Less Than

If we learn anything at all from this pandemic, as a nation, I’d like it to be humility.

Let me explain.

I grew up in, what I feel, was a fairly typical middle-class household. My parents always encouraged (well…required) me to do my best in school. They got me into activities that would benefit me socially. They told me I could be anything I wanted to be when I grew up, as long as I worked hard.

And my parents, as I’m sure many of our parents did, encouraged me to pursue higher education so that I could get a “good” job.

That’s important. That wording. What the hell does that even mean? What is a “good” job? One that pays enough money to live on?

Sure. That. But I think, more importantly, the message was that we should strive for careers that people respect.

There were many, many times growing up that I heard the message that I needed to do well in school and work hard so that I “don’t end up like that guy.” Or someone would make a mistake while serving us and after they were out of earshot I’d hear, “and that’s why they work at a grocery store/McDonalds/trash collection/etc.”

Because people don’t see those who work in service industries as equals.

There is a mentality that working for a grocery store or fast food chain or other retail outlet or as a garbage collector or postal worker means you have somehow failed. You’re uneducated. You didn’t try hard enough. You settled.

That’s why those jobs aren’t (typically) paid well, and that mentality continues even now, even as these same people who see us as less are “thanking” us for continuing to work so they can come hang out at the store with their entire families when they’re bored and potentially spread a deadly infectious disease to the workers. To us.

Honestly, sometimes I wonder whether people even see us as human beings.

I still struggle with this “less than” mentality, even as I continue to plan and manage and organize and work at a grocery store 40+ hours a week. This is my job. This is what I do. I enjoy it. It’s not what I went to school for, so in many ways I feel that specific failure, but it’s not a bad job. I work with great people. They are my friends. Hell, in a lot of ways they’re family. I’m lucky to have been able to move up into a management role that pays me well, and I can see myself staying here indefinitely, moving up as opportunities arise.

(In fact, the job I’m doing now is better, financially and security-wise, than any job I’ve done that required my Master’s degree, but that’s another rant.)

And that’s ok. There is nothing wrong with my job or where I work. In a lot of ways this is one of the most difficult jobs I’ve done, and I’ve had some pretty “good” jobs in the past. I used to rub elbows with astronauts at big fancy parties and manage entire ad campaigns. Now I make sure customers don’t have to stand in line too long and that their shopping experience is good from start to finish – which involves an entirely different, but no less important, skillset.

I’m not saying that my job is rocket science, by any means, but it’s still a good job. Just because I didn’t need to get a degree to do my job doesn’t mean it’s not important.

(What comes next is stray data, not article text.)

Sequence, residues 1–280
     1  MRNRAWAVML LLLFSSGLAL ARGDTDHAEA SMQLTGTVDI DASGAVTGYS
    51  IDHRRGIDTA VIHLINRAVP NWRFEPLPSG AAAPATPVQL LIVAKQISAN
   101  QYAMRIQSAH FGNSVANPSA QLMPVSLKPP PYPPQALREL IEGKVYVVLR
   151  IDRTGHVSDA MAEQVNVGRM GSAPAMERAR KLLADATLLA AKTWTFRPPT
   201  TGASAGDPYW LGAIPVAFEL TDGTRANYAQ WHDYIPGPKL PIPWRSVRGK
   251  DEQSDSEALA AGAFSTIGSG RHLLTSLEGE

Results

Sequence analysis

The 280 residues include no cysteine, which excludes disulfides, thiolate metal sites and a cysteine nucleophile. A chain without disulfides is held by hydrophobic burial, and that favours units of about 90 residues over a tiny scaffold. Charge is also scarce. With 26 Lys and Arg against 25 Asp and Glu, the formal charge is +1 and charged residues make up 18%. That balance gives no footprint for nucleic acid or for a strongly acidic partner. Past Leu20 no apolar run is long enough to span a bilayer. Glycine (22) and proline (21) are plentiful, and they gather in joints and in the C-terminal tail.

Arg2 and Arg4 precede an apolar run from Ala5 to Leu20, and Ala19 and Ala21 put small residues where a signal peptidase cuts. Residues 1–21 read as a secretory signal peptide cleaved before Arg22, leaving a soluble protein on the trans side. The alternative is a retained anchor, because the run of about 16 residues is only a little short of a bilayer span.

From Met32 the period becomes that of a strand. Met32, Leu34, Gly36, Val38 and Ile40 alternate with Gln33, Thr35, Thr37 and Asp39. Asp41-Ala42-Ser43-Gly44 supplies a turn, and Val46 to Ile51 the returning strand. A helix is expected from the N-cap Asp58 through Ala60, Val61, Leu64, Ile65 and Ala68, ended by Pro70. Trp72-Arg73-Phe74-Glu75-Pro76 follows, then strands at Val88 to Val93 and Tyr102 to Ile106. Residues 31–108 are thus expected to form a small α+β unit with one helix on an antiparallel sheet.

In fact, as the country is beginning to realize, a lot of those “good” jobs that elevate people to some arbitrary higher level than others aren’t really that necessary when it comes right down to it. Do we really “need” advertisers? No. We really don’t.

We need food, clean water, homes, safe roads, protection from criminals, healthcare, etc. Everything else is icing on the cake. Sure, it’s pretty and it serves a purpose, but if the cake is flavorless or the ingredients are garbage, the icing isn’t going to save it.

I find myself continually humbled and ashamed of this unearned (but learned) superiority that creeps into some of the thoughts I have (and sometimes share) on a daily basis, and I’m in this. I know how hard this job is, even as I say things like, “I have a Master’s degree and look where I ended up.” Yeah? Where did you end up? In the most challenging job of your life, with great career potential, working with incredible human beings who genuinely care about every person who walks through our doors? Poor you.

So I know that breaking out of that mentality is difficult. But I think the country would be a much better place to live in if we tried to understand that none of us are better or more deserving of things, regardless of what we choose do to for a living. Making more money than someone else doesn’t make your life more valuable than theirs.

Do you ever stop to think about how difficult it is to smile while you’re being treated like garbage? It’s hard. But we do it. Every. Day.

The people society looks down on are human beings with their own lives, worries, mental health issues, bills, debts, challenges, etc.

But they – we – are not “less than” you. And the sooner we can all realize that, the sooner we can start trying to truly make this country a better place for all of us.


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